Major hurdle cleared to diabetes transplants

Researchers have identified a way to trigger reproduction in the laboratory of clusters of human cells that make insulin, potentially removing a significant obstacle to transplanting the cells as a treatment for patients with type 1 diabetes. Pictured in blue are the cells and in green, the insulin.

Brain-building gene plays key role in gut repair​​

A gene with a colorful name – mindbomb 1 – plays a key role far beyond the brain. New research at Washington University School of Medicine in St. Louis shows that mindbomb 1 may be involved in repairing cells injured by infection or inflammation in the stomach and pancreas. Researchers also found hints that mindbomb 1 may have connections to cancer in those organs.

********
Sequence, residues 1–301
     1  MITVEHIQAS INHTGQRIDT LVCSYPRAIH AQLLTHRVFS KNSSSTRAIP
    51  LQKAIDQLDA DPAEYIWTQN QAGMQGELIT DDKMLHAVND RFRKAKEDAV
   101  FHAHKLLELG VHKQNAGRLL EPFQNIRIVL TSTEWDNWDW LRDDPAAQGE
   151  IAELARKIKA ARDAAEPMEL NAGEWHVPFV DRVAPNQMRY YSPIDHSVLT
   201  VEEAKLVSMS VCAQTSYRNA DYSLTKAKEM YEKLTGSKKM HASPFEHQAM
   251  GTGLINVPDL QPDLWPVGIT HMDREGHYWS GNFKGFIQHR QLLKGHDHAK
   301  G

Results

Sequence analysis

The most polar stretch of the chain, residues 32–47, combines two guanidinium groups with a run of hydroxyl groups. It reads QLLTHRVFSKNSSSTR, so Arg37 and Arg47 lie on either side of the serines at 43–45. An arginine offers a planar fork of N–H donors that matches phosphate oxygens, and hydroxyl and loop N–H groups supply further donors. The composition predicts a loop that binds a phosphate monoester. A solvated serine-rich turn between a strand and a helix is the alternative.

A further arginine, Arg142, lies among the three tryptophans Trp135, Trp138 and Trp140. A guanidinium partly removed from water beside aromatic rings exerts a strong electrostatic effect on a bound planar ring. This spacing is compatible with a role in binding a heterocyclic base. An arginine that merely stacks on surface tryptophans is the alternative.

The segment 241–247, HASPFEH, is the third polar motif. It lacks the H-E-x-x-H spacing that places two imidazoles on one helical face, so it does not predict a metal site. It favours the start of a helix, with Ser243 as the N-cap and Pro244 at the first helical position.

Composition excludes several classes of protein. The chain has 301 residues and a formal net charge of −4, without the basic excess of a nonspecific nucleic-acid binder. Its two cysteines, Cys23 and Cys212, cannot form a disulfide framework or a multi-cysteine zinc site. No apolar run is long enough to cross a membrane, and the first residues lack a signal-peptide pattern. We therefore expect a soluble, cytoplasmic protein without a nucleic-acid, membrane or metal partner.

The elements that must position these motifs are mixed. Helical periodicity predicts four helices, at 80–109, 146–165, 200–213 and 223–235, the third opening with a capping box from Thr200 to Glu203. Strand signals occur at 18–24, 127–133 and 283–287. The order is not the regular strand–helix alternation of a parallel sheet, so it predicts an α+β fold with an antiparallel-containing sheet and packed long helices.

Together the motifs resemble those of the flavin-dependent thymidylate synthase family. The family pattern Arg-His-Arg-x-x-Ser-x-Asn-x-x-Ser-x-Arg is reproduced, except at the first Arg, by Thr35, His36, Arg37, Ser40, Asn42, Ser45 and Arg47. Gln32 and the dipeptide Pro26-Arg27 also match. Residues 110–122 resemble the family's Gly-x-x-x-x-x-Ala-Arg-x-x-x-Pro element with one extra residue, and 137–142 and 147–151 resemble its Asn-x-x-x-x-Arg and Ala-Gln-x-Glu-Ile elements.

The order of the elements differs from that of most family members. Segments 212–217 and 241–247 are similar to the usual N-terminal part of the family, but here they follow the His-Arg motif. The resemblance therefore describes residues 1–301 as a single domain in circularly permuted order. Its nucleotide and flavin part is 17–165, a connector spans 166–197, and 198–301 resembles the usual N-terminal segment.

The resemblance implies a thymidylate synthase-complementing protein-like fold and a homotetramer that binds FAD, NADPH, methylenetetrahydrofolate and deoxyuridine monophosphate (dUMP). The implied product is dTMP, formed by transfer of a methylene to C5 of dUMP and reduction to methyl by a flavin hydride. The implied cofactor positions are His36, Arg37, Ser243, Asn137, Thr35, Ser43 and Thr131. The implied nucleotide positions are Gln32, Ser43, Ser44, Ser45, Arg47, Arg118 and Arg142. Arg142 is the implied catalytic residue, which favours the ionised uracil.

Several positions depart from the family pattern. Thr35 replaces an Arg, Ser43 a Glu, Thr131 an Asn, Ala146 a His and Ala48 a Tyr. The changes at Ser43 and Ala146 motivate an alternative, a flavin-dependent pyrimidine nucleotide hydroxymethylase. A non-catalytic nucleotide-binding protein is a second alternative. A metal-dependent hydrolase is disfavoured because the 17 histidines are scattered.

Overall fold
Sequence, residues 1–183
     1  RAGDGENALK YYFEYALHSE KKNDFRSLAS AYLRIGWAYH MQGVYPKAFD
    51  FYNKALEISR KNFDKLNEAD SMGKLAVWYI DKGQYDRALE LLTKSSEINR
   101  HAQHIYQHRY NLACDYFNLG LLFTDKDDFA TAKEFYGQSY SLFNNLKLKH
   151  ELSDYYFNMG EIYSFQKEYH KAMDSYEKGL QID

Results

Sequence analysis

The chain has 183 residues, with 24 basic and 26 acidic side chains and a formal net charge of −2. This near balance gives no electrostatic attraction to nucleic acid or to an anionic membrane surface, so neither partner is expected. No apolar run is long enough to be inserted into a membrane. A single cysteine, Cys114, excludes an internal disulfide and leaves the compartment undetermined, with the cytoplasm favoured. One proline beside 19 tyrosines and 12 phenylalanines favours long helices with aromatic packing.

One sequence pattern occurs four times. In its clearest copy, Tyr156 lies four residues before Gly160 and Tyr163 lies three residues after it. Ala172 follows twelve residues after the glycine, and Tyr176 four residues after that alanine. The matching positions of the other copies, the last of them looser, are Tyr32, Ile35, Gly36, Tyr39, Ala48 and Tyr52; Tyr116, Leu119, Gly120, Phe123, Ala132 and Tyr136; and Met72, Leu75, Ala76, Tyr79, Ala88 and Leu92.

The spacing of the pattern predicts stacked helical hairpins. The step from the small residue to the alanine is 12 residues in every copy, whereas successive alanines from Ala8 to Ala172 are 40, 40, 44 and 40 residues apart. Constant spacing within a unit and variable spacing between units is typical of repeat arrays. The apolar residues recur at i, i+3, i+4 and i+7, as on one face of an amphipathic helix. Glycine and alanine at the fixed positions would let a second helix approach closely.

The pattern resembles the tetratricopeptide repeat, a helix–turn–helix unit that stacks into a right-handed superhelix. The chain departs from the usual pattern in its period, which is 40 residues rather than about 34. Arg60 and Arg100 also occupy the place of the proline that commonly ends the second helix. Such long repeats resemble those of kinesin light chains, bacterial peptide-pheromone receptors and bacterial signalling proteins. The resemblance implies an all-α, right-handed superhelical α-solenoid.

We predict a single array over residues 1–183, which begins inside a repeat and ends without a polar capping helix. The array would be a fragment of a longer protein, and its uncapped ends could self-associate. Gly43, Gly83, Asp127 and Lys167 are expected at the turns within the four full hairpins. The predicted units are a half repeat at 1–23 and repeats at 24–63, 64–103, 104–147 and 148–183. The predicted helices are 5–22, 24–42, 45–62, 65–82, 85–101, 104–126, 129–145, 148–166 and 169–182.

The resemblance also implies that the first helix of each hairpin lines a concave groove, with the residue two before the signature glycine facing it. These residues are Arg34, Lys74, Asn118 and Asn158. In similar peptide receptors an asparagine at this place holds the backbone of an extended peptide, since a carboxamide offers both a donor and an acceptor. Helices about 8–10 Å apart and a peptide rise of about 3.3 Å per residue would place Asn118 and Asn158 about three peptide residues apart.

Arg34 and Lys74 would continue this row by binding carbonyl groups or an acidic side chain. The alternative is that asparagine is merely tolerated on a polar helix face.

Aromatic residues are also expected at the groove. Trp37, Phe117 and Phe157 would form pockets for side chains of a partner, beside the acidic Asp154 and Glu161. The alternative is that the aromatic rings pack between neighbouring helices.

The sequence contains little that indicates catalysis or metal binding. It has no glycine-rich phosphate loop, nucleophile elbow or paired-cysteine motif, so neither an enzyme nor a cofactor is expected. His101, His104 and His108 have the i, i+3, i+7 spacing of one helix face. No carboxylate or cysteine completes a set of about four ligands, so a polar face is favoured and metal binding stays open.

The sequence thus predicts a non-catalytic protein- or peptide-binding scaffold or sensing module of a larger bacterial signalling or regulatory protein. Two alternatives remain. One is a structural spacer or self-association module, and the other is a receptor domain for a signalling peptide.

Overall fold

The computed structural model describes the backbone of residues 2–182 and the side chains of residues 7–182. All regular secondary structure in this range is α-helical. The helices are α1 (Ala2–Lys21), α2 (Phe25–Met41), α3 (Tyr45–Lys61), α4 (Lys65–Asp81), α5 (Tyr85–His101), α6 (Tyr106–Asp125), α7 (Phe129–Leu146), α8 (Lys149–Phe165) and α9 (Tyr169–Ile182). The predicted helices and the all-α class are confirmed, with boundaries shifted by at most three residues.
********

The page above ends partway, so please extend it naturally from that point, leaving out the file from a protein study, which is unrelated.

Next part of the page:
Gene may increase risk for type 2 diabetes

Two international research teams — one led by M. Alan Permutt, M.D., professor of medicine and of cell biology and physiology at Washington University School of Medicine in St. Louis — have found variations in a gene that may predispose people to type 2 diabetes, the most common form of the disease. The two research teams, which collaborated extensively, will report their findings in companion articles in the April issue of Diabetes.